Canadian tobacconist: sued if you do…

The facade of the Old Morris tobacco shop in Victoria, British Columbia, which has operated at its location for 120 years, “has been preserved in it’s [sic] original design, including signs noting the tobacco, house blends and Havana cigars within.” New provincial legislation prohibits tobacco-promoting signage where visible to youths; “Businesses who violate the act face a $575 fine for a first offense, with penalties rising up to $5,000 for repeat offences.” At the same time:

In a letter sent to [store owner Rick] Arora, Steve Barber, senior heritage planner with the City of Victoria, called the store’s signs “an integral part of the history of this building and part of it’s heritage character,” meaning Arora cannot remove or cover the signs.

“They’ve made it clear I can’t touch them,” Arora said. “I could be fined $1 million and go to jail for two years.”

Neither government agency “is budging” on its demands. (Tom Mcmillan, “Tobacco store owner caught between policies”, Canwest/Vancouver Sun, May 27). Update: compromise struck (thanks to reader ras in comments).


  • If there is anything that merits a $5000 fine for repeat offenses, it is a once-proud newspaper confusing “its” with “it’s.” Conrad Black would be rolling in his grave if he were dead.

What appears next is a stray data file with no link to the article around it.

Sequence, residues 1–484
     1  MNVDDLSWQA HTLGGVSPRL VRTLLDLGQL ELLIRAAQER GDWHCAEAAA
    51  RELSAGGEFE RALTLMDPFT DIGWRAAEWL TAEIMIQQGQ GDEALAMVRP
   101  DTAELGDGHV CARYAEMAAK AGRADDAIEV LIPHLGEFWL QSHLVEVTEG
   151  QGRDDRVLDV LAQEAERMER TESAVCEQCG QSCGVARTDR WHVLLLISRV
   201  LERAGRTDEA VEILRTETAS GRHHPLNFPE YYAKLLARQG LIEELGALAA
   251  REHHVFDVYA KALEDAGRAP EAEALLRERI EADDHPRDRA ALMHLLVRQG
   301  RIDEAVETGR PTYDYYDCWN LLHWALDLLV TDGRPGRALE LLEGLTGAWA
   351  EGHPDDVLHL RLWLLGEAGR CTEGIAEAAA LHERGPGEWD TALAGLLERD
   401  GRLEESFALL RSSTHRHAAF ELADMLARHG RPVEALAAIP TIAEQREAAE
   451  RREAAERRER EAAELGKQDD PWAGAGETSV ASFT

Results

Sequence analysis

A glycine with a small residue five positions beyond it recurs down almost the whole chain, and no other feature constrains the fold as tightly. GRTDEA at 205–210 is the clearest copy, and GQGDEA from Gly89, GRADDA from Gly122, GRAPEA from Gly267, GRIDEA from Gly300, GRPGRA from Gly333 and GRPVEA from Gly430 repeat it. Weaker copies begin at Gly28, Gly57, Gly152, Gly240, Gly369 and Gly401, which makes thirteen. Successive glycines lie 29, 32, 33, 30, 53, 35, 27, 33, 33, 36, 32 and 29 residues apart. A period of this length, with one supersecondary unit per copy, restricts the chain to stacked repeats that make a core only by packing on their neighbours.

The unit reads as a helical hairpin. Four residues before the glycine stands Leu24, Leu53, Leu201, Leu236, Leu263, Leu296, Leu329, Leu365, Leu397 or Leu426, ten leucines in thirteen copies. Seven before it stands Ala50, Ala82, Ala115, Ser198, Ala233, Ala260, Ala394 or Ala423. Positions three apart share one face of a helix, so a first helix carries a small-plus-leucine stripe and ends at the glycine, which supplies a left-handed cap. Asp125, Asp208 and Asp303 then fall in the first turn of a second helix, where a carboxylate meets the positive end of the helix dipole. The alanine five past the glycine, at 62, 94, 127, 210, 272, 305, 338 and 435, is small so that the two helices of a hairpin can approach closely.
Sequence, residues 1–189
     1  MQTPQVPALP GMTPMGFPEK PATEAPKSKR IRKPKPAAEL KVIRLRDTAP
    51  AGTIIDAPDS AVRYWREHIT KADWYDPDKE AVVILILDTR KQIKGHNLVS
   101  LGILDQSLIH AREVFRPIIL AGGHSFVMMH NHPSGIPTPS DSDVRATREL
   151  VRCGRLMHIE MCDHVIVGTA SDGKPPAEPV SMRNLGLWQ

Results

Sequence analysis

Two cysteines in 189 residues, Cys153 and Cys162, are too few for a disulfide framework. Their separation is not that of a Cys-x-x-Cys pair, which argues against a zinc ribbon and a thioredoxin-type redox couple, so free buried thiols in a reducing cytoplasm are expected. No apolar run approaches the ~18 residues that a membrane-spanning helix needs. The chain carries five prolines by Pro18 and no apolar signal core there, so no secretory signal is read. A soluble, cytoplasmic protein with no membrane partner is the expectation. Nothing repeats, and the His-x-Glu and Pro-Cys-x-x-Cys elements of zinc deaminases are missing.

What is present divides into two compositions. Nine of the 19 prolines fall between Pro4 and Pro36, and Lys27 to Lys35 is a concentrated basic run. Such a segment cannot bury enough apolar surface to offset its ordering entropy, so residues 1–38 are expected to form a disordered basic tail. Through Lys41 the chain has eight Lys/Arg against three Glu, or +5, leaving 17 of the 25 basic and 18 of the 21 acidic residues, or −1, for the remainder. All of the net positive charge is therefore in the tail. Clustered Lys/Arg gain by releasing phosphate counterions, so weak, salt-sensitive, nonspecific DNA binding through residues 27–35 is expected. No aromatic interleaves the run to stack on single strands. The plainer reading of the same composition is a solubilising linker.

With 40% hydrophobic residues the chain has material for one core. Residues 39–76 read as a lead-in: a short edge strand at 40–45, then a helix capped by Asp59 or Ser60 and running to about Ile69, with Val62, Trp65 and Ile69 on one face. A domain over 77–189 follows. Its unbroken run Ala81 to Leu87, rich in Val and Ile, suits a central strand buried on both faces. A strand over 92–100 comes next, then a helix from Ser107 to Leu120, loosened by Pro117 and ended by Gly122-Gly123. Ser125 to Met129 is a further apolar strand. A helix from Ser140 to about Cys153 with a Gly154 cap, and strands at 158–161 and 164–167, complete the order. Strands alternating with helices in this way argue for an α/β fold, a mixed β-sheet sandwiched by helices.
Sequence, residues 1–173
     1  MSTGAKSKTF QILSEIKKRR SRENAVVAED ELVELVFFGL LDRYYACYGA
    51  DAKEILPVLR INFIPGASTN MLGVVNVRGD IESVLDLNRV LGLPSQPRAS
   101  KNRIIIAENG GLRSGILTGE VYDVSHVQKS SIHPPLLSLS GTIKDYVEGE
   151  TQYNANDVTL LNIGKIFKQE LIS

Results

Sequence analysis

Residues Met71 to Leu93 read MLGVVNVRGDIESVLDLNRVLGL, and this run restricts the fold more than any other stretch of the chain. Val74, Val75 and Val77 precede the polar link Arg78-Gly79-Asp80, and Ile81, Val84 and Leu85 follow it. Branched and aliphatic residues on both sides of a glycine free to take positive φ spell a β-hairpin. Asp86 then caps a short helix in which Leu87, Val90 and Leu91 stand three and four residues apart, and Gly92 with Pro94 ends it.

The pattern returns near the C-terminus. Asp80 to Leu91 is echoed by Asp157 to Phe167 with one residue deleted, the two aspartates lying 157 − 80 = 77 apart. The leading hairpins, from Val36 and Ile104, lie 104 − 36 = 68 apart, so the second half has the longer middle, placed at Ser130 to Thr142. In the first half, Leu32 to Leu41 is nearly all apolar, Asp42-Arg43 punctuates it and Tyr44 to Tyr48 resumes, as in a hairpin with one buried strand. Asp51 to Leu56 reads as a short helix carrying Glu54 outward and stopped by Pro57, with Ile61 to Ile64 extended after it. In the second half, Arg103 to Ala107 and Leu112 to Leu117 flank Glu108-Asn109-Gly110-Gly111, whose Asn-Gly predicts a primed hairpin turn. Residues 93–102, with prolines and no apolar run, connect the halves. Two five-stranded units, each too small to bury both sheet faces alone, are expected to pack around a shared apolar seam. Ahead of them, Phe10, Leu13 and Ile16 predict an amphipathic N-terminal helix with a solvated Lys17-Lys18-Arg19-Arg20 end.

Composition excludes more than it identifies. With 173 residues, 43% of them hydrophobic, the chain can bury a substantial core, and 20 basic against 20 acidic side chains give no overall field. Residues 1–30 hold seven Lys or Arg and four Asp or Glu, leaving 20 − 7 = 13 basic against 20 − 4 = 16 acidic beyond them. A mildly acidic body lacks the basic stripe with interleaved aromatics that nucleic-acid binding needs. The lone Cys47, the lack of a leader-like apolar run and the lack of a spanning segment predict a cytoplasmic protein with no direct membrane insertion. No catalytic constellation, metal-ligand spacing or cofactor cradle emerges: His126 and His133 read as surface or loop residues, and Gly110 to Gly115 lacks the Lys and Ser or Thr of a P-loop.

• An update:

    Excerpt: “City heritage planners met with the health authority and decided that antique signs advertising tobacco products at Old Morris Tobacconist, 116 Government St., can stay, though a large banner will have to be covered up.”

    I especially love the appellation, “heritage planners.”

    And the principle has been confirmed, sigh, that your private activities are now subject to yes/no approvals by the bureaucrats on a case by case basis.

  • both agencies should be forced to (at the least) provide written apologies to this man for the trouble they have caused

  • Experience has taught me that when a story tickles my “Outrage Nerve,” it usually has an “Easy Button” but for purposes of sensationalism, the reporters sometimes skip over that part. Is a variance not an option? I hope at the very least that this guy can figure out how to profit from this little boondoggle.